A few years ago there was a theory put forward by a certain Apple CEO that we were entering the Post PC Eraâ€¦while I have never subscribed to that theory (which was affirmed by VMware CTO Steve Herrod at VMworld 2012) it’s obvious to see that the revolution is more based around the ways in which workers access their desktops, data and LOB applications. I think the fact that we have been inundated with iPhones, iPads, Galaxy Tablets and a like has had something to do with the misunderstanding of the Post PC Era.
The facts are that the PC will never disappear (for the foreseeable future anyways), and when I say PCâ€¦I don’t mean Windows, I also mean Apple and Linux desktopsâ€¦as much as the fanboys would tell you otherwise, these are PC’s. So let’s try to think about the Post PC Era as the End User Computing Revolution. This much better reflects what I believe is happening at the moment.
At VMworld we saw demos of Horizon Application Manager with AppBlast, Data (formally Octopus) and the SSO experience for bringing external applications (be it SaaS or Hosted) all accessible and available via the one browser window. What this represents is the power of the browser and what can be achieved by getting the correct framework in place to deliver everything that was previously done on the desktop or externally via a provider through a private or hosted instance of Horizon.
We are about to enter a world where SaaS is only part of the equation. Five or so years ago, many people where seeing SaaS as the ultimate solution for most SME/B’s whereby every key service and application is delivered by external providers. The power of virtualization has rebalanced the scales by way of allowing companies to look at deploying extremely scalable and cost effective private cloud solutions. The vCloud stack is as feature rich as it is malleable. There is no reason for all future installs of ESX and vCenter to include the vCloud management and automation layerâ€¦when you add the additional layer of DynamicOps, you start to have the building blocks for a client infrastructure that can seamlessly move workloads between private and partner hosted environments (and public if they so wish).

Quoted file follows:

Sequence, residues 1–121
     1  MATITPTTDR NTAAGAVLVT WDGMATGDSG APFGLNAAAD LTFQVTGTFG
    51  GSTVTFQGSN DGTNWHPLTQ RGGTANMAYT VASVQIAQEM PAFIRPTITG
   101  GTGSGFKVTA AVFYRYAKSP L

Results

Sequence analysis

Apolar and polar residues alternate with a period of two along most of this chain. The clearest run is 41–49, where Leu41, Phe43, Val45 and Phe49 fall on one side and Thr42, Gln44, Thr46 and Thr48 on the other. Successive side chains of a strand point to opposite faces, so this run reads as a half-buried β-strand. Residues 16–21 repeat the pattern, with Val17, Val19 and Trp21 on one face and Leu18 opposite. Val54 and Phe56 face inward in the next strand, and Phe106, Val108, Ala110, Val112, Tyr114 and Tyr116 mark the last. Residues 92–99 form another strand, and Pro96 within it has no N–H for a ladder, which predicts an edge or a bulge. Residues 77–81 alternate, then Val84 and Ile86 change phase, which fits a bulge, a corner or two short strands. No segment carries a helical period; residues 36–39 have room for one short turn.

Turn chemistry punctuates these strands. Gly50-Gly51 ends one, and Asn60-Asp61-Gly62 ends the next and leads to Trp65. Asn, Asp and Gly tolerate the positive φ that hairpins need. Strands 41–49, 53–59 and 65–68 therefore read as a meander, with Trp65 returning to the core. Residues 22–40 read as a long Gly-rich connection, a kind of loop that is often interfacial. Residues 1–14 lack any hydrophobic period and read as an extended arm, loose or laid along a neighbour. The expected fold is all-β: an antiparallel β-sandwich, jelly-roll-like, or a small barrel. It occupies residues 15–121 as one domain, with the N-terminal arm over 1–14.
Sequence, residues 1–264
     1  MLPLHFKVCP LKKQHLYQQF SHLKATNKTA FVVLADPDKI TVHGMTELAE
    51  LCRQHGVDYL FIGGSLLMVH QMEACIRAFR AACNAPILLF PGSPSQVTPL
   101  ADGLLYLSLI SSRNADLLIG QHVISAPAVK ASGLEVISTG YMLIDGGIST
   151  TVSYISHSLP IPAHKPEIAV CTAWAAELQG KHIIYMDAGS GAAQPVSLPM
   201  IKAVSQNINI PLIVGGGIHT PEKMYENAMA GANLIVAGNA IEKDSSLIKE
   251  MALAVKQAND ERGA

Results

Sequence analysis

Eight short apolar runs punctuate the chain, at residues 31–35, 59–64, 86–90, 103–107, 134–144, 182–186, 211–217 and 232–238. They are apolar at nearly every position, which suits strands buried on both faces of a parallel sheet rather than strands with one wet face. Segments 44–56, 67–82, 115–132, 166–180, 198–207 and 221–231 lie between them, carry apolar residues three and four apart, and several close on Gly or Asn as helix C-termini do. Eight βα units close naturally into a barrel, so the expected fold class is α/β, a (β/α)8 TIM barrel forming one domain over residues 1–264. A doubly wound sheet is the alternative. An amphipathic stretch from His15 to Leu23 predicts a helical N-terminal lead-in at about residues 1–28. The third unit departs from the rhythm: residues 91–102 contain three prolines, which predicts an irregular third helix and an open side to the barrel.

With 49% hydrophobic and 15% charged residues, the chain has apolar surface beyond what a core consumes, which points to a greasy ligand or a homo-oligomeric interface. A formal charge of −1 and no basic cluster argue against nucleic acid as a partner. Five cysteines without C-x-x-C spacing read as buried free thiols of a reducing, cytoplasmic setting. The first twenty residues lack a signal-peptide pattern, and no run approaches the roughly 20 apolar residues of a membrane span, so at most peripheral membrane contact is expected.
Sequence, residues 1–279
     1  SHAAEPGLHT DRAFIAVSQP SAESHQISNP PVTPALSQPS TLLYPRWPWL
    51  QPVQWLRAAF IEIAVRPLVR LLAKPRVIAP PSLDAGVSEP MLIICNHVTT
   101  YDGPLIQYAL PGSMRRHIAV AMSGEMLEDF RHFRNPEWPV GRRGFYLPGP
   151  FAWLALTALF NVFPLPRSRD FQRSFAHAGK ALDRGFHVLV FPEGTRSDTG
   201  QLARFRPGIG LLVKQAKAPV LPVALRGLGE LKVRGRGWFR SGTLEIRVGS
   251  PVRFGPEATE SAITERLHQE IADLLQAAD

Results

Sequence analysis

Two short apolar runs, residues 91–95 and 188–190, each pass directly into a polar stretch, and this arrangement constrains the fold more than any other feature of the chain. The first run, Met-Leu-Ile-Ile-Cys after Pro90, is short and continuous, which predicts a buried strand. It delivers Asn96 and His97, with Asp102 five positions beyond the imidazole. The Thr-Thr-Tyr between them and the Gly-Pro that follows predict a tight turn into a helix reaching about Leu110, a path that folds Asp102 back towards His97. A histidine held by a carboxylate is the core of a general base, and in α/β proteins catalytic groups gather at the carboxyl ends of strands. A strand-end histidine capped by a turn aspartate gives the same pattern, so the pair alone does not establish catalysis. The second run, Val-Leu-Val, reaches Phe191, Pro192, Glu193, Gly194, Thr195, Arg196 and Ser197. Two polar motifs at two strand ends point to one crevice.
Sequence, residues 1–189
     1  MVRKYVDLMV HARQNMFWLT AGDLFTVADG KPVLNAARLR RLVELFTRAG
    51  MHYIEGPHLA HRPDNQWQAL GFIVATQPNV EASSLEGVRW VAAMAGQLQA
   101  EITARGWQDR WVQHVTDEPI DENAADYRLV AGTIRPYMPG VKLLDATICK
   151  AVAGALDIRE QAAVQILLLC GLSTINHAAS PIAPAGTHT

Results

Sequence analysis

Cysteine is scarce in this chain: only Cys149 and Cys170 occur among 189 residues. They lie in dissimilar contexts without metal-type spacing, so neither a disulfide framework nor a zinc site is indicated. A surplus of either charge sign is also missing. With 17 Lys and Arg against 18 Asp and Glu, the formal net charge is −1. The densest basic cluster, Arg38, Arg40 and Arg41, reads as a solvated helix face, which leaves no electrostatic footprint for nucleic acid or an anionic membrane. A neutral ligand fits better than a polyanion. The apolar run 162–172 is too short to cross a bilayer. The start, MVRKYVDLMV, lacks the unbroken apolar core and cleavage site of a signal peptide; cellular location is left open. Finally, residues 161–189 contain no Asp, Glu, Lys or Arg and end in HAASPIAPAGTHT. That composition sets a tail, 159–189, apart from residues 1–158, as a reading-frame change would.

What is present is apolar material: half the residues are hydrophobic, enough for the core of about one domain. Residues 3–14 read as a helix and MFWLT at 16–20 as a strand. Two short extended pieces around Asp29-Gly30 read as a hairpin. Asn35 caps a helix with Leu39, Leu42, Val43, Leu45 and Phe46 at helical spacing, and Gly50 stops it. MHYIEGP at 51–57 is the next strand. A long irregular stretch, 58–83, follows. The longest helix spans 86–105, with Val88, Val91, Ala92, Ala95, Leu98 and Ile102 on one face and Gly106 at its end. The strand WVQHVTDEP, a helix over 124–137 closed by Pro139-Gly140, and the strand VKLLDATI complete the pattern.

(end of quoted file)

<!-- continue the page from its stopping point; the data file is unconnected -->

So what will impact this uptake of this shift? It’s really quiet easy to work outâ€¦end user acceptanceâ€¦Will a key decision maker at a company looking at their options fully comprehend what this shift entails? Will they understand the fundamental shift that translates an employee’s workspace from a decentralised mess of files, applications and external services to a logically presented single sign on experience? Will they understand the concept of the Self Service Experience when it comes to new or additional applications?
Really, what it comes down to in order to ease decision makers and end users into this new EUC world is ensuring that integrators and service providers fully understand the technology themselvesâ€¦that is, there needs to be a process whereby this technology and the concepts are properly delivered via a productization process.
Learn -> Productize -> Promote -> Sell -> Deliver
Internally, to deliver the EUC experience we are just undertaking the Learning stage, but it’s also my job as a technology evangelist to Promote and Sell the concepts. While I hate the term, there will come a time where we need to “Dogfood” the technology. By getting sales people, tech teams and select management onto an internal beta/UAT of a platform like Horizon is key to ensuring that the Promote, Sell and Deliver part of the equation can go smoothly.
When I close my eyes and think about how our SBM clients should be working in 12-18 months time I can picture a single user experience with the browser being central to deliver files, apps and the desktop. For me…there is no better platform than Horizon, and VMware will work hard to ensure partners/service providers will be positioned to deliver on the promise of the real revolution!